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If Derwent be innocent, steady, and wise,
And delight in the things of earth, water, and skies;
Tender warmth at his heart, with these metres to

show it, With sound sense in his brains, may make Derwent

a poet, May crown him with fame, and must win him the

love Of his father on earth and his father above.

My dear, dear child ! Could you stand upon Skiddaw, you would not from

its whole ridge See a man who so loves you as your fond S. T.

COLERIDGE.

THE HOMERIC HEXAMETER DESCRIBED

AND EXEMPLIFIED.

STRONGLY it bears us along in swelling and limitless

billows, Nothing before and nothing behind but the sky and

the ocean.

THE OVIDIAN ELEGIAC METRE DESCRIBED

AND EXEMPLIFIED.

In the hexameter rises the fountain's silvery column; In the pentameter aye falling in melody back.

TO THE YOUNG ARTIST, KAYSER OF

KASERWERTH.

KAYSER! to whom, as to a second self,
Nature, or Nature's next-of-kin, the elf,
Hight Genius, hath dispens'd the happy skill
To cheer or soothe the parting friends, alas !
Turning the blank scroll to a magic glass,
That makes the absent present at our will;
And to the shadowing of thy pencil gives
Such seeming substance, that it almost lives;
Well hast thou given the thoughtful poet's face!
Yet hast thou on the tablet of his mind
A more delightful portrait left behind-
Ev'n thy own youthful beauty, and artless grace,
Thy natural gladness and eyes bright with glee!

Kayser! farewell!
Be wise! be happy! and forget not me.

1833.

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Sly Beelzebub took all occasions
To try Job's constancy and patience;
He took his honours, took his health,
He took his children, took his wealth,

His camels, horses, asses, cows-
And the sly devil did not take his spouse.

But heaven that brings out good from evil,
And loves to disappoint the devil,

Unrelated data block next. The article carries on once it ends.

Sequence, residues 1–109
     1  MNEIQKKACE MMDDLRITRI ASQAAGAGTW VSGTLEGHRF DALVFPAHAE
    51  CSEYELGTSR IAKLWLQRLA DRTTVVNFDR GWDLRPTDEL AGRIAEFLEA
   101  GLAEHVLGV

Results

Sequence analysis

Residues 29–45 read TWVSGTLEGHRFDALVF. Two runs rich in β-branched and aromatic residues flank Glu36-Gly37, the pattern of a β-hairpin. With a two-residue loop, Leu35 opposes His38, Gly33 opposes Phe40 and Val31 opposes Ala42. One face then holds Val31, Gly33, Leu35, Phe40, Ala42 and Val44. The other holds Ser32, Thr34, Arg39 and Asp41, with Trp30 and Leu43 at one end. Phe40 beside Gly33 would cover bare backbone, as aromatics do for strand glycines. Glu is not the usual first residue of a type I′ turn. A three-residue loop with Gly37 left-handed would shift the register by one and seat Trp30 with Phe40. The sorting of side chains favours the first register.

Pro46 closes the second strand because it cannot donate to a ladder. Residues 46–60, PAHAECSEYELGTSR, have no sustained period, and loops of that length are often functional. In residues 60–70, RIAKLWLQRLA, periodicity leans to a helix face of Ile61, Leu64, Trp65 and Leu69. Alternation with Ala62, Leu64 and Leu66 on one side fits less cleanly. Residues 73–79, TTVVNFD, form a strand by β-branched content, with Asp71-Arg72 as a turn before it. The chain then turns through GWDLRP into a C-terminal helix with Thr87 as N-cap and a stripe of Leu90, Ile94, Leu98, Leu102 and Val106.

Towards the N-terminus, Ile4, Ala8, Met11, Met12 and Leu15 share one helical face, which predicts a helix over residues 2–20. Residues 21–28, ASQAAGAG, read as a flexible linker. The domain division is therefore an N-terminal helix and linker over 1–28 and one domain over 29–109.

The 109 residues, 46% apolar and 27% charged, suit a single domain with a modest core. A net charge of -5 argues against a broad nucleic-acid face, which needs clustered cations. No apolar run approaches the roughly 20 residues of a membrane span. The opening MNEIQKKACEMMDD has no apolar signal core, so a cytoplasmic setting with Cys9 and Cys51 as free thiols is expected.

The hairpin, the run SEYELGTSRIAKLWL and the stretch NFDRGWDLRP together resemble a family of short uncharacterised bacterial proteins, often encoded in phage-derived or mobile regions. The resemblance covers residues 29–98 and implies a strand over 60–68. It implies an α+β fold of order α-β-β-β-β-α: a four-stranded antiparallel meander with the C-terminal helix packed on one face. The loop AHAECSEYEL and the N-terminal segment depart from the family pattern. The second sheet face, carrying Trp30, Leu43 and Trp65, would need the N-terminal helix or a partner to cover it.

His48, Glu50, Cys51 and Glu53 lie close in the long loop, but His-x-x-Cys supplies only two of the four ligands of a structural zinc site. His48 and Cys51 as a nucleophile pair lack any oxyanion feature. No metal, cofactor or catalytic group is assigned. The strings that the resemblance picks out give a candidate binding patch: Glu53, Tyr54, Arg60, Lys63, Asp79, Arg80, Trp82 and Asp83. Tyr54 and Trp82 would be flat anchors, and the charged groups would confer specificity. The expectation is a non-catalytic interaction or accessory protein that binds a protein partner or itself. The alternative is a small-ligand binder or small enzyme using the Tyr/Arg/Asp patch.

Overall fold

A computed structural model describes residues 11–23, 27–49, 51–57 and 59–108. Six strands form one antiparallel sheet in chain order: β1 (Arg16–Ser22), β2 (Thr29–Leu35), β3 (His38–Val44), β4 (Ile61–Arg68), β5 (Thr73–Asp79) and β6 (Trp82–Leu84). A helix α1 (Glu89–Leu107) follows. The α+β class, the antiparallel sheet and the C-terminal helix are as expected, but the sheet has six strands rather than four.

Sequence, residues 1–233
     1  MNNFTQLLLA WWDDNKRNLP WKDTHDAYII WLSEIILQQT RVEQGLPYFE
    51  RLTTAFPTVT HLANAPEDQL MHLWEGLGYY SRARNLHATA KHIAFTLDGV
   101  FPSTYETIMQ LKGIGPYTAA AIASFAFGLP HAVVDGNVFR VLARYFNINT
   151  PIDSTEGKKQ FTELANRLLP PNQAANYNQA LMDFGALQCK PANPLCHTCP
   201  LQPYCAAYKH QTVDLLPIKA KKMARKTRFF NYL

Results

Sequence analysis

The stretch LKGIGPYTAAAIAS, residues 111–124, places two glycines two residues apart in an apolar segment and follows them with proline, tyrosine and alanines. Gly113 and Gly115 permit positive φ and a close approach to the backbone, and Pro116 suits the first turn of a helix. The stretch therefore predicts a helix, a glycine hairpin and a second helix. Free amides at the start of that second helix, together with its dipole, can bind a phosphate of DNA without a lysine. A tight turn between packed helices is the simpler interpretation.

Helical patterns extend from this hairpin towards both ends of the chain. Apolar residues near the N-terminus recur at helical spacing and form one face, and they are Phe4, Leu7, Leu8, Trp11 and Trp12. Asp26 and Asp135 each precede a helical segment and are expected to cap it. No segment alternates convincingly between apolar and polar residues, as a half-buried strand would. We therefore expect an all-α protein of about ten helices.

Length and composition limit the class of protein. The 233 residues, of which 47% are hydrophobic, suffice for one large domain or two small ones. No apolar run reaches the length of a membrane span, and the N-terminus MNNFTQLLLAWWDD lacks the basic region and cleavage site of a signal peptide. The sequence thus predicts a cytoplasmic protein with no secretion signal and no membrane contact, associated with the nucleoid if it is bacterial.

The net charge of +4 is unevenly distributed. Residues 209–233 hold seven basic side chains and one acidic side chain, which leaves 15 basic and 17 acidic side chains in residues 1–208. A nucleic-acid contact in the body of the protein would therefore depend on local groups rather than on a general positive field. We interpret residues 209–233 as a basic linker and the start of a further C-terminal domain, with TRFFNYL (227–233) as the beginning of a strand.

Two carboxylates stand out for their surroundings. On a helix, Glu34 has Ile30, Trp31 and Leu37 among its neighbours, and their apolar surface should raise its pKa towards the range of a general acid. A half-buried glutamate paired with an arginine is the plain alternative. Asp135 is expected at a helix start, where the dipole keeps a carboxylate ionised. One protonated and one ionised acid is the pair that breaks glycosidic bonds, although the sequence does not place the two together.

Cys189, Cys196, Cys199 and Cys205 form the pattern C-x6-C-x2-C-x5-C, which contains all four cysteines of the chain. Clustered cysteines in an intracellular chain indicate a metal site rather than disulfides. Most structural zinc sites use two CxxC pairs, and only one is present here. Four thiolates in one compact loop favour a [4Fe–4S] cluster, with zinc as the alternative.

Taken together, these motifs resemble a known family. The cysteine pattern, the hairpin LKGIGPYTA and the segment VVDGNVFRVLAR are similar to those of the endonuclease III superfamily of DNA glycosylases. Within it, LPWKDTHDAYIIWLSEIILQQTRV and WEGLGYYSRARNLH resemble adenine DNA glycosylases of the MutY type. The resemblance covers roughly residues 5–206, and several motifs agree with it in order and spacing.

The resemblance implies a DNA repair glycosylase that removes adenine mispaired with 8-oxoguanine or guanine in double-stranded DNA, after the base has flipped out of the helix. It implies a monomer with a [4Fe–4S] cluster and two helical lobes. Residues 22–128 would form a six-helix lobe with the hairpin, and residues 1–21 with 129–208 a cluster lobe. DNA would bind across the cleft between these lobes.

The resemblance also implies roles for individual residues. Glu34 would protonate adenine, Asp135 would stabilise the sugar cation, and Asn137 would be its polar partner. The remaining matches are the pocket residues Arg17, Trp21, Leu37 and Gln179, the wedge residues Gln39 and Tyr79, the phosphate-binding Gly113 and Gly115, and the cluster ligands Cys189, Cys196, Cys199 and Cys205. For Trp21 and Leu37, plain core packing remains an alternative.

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Had predetermined to restore
Twofold all Job had before,

His children, camels, horses, cows
Short-sighted devil, not to take his spouse !

ON A VOLUNTEER SINGER.

Swans sing before they die: 'twere no bad thing,
Should certain persons die before they sing.

ON AN INSIGNIFICANT.

'Tis Cypher lies beneath this crust-
Whom Death created into dust.

PROFUSE KINDNESS.

Νήπιοι, ουκ ίσασιν όσω πλέον ήμισυ πάντος.-Hesiod.

What a spring-tide of love to dear friends in a

shoal ! Half of it to one were worth double the whole!

CHARITY IN THOUGHT.

To praise men as good, and to take them for such,

Is a grace, which no soul can mete out to a tittle ;Of which he who has not a little too much,

Will by charity's gage surely have much too little.

HUMILITY THE MOTHER OF CHARITY.

FRAIL creatures are we all! To be the best,

Is but the fewest faults to have :-
Look thou then to thyself, and leave the rest

To God, thy conscience, and the grave.

ON AN INFANT

WHICH DIED BEFORE BAPTISM.

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Be, rather than be called, a child of God,"
Death whispered !-with assenting nod,
Its head upon its mother's breast,

The baby bowed, without demur,
Of the kingdom of the blest

Possessor, not inheritor.

ON BERKELEY AND FLORENCE COLERIDGE,

WHO DIED ON THE 16TH OF JANUARY, 1834.'

O FRAIL as sweet! twin buds, too rathe to bear

The winter's unkind air;
O gifts beyond all price, no per given

Than straight required by heaven;
Match'd jewels, vainly for a moment lent

To deck my brow, or sent

? By a friend.

Untainted from the earth, as Christ's, to soar,

And add two spirits more
To that dread band seraphic, that doth lie

Beneath the Almighty's eye ;-
Glorious the thought-yet ah! my babes, ah! still

A father's heart ye fill;
Though cold ye lie in earth—though gentle death

Hath suck'd your balmy breath,
And the last kiss which your fair cheeks I gave

Is buried in yon grave.
No tears—no tears—I wish them not again;

To die, for them was gain,
Ere doubt, or fear, or woe, or act of sin

Had marrd God's light within.

-E cælo descendit yvūOL DEQÜTóv.-Juvenal.

Γνώθι σεαυτόν ! – and is this the prime
And heaven-sprung adage of the olden time !--
Say, canst thou make thyself?—Learn first that

trade ;

Haply thou mayst know what thyself had made. What hast thou, Man, that thou dar'st call thine

own?What is there in thee, Man, that can be known ?-Dark Aluxion, all unfixable by thought, A phantom dim of past and future wrought, Vain sister of the worm,-life, death, soul, clodIgnore thyself, and strive to know thy God!

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